BIM64160 - Measuring the profits (particular trades): Private finance initiative (PFI): Accounting and tax - income and expenditure recognition - example 5
A private sector “operator”, whose trade is running a prison, enters into a PFI contract with a public sector “purchaser”, to provide a specific number of prison places for 30 years. The operator builds a prison on land acquired for the purpose. The trade commences when the prison is completed and ready to receive its first prisoner (see BIM64065). In return the operator receives an annual service payment, the “unitary charge”, which commences after the trade has started.
Accounting period 1
The prison is completed at the end of the first accounting period.
For tax purposes the design and construction costs are capital expenditure. The prison is a fixed capital asset of the operator's trade (see BIM64025 onwards). For accounting purposes the example assumes that it is reported as a finance debtor on the operator's balance sheet, under FRS5 “Application note F”, at a figure of £90m representing cost (see BIM64070 onwards).
No income is receivable in the first accounting period.
Accounting period 2
In the second accounting period the trade commences and a unitary payment of £15m is receivable.
For tax purposes the £15m is trading income for the provision of services. For accounting purposes, £7m represents a “part payment” of the finance debtor and £8m represents “operating income” for the provision of services.
For accounting purposes, a figure representing accrued finance income, i.e. notional “interest”, on the finance debtor is calculated at £4m and credited to the profit and loss account. The corresponding debit is to the finance debtor.
|Dr||Finance debtor||£4m||Cr||P&L account (notional “interest”)||£4m|
The “part payment” of £7m is then credited to the finance debtor and the “operating income” of £8m is credited to the profit and loss account.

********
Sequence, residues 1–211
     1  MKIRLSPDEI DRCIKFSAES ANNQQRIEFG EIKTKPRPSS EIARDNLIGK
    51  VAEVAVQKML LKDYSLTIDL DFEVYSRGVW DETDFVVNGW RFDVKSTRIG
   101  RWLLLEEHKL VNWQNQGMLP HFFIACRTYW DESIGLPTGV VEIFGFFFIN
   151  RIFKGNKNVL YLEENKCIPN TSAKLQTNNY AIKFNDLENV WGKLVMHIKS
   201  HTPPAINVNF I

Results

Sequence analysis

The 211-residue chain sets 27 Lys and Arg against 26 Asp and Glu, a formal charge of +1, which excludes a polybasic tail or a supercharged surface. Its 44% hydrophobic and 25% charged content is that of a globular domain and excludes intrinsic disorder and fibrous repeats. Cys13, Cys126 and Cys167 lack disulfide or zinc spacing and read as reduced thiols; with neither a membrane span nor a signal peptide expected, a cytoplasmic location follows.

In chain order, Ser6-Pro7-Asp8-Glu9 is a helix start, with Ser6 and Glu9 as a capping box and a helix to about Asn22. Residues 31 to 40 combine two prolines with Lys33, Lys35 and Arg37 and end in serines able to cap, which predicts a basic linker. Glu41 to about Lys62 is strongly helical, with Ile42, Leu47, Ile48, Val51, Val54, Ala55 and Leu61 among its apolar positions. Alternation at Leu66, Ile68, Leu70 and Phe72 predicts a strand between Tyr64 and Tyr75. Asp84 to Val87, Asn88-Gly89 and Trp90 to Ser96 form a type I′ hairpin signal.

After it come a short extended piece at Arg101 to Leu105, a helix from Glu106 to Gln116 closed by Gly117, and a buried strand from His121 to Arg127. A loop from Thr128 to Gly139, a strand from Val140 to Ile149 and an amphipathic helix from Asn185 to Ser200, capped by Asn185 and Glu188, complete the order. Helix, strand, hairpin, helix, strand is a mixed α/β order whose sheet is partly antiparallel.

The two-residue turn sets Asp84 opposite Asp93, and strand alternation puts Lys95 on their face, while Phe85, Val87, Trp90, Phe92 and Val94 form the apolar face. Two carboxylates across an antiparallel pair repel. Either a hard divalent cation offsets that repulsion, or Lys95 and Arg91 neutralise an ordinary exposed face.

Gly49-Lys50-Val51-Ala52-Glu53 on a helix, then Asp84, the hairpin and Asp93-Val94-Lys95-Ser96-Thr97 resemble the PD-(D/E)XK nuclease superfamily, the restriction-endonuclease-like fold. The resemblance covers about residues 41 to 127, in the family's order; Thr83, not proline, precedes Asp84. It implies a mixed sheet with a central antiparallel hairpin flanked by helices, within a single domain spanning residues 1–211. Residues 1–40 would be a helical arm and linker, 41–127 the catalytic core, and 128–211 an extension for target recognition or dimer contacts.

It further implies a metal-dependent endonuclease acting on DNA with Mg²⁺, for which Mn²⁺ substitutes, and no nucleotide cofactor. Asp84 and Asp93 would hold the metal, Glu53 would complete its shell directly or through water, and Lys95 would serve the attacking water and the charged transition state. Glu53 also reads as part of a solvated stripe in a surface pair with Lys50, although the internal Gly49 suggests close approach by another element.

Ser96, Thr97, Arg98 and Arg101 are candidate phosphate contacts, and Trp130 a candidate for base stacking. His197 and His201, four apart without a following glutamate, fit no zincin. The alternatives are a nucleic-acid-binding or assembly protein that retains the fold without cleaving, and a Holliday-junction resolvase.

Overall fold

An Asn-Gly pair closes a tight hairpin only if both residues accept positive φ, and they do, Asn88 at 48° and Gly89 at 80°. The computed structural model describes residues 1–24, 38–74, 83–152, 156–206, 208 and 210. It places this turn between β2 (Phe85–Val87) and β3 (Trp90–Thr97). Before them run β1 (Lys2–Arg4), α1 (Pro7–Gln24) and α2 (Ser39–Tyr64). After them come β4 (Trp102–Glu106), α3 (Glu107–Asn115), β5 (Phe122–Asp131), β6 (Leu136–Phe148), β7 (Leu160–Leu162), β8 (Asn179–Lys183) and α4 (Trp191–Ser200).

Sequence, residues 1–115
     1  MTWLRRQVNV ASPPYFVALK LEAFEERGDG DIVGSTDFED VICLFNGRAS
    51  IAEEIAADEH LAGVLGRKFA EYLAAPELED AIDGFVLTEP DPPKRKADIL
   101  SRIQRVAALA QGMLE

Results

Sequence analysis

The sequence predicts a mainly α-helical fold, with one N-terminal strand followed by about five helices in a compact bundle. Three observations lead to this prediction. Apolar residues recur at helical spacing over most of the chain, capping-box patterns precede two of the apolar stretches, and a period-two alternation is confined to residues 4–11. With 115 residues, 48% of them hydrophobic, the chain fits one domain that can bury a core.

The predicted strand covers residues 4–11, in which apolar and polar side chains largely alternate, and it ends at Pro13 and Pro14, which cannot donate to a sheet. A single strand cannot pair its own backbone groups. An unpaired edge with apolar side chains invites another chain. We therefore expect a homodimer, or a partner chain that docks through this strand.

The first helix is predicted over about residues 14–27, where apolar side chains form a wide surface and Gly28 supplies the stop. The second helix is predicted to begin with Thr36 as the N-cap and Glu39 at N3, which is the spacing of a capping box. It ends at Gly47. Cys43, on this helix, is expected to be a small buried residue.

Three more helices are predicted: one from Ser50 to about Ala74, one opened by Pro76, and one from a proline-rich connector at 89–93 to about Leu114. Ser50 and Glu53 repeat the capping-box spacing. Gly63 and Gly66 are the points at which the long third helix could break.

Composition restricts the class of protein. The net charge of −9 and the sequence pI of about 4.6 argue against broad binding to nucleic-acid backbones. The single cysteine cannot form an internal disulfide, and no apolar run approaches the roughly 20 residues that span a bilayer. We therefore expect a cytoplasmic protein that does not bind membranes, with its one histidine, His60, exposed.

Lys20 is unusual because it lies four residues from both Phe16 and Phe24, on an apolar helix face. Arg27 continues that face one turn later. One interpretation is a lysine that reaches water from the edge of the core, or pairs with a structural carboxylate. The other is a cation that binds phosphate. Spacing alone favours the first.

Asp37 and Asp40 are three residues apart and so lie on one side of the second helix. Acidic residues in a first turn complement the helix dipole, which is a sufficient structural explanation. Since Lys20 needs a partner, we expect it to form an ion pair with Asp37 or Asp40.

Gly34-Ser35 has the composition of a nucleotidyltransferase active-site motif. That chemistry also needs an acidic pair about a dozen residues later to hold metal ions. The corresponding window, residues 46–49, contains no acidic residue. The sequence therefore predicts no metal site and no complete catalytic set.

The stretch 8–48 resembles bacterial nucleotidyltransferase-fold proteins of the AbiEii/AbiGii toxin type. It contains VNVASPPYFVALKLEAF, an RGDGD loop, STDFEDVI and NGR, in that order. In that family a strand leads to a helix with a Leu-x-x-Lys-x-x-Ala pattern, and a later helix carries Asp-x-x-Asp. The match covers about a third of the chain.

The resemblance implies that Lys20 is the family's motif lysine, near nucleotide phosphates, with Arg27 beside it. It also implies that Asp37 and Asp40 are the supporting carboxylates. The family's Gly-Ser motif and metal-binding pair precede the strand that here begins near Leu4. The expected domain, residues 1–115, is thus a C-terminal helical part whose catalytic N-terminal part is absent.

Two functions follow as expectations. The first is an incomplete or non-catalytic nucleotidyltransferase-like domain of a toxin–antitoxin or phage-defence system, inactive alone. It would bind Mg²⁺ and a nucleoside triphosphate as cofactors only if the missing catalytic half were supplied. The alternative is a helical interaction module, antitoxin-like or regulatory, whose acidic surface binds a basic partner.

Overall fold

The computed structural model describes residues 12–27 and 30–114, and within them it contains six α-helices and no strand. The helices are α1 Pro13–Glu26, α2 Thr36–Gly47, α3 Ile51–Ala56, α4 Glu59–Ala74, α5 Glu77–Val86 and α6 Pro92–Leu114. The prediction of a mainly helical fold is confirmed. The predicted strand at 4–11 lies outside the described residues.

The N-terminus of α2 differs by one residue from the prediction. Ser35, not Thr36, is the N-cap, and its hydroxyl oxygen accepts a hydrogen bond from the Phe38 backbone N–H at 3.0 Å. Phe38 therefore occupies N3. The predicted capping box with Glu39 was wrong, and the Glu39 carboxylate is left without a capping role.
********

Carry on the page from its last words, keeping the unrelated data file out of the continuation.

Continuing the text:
|Dr||Cash||£15m||Cr||P&L account (“operating income”)||£8m|
|Cr||Finance debtor (“part payment”)||£7m|
For tax purposes we follow the accounting recognition of income in the profit and loss account, subject to any relevant over-riding statutory or case law principle.
The £8m “operating income” and the £4m notional “interest” are the recognition of trading income of the accounting period for tax purposes.
However, £3m of the £7m “part payment” credited to the finance debtor will never be reflected in a profit and loss account. For tax purposes, the £3m is a trading receipt for the provision of services and it is, therefore, included as an addition in the trading profits computation (see BIM64125).
The proportion of the finance debtor, against which the £3m income is credited, represents capital construction costs. Therefore no matching adjustment is required in the trading profits computation (see BIM64130). Capital allowances can be claimed on qualifying expenditure (see BIM64375).
|Trading income computation|
|Income (recognised in P&L)||£12m|
|Plus “part payment”||£ 3m|
|Profit (before overheads)||£15m|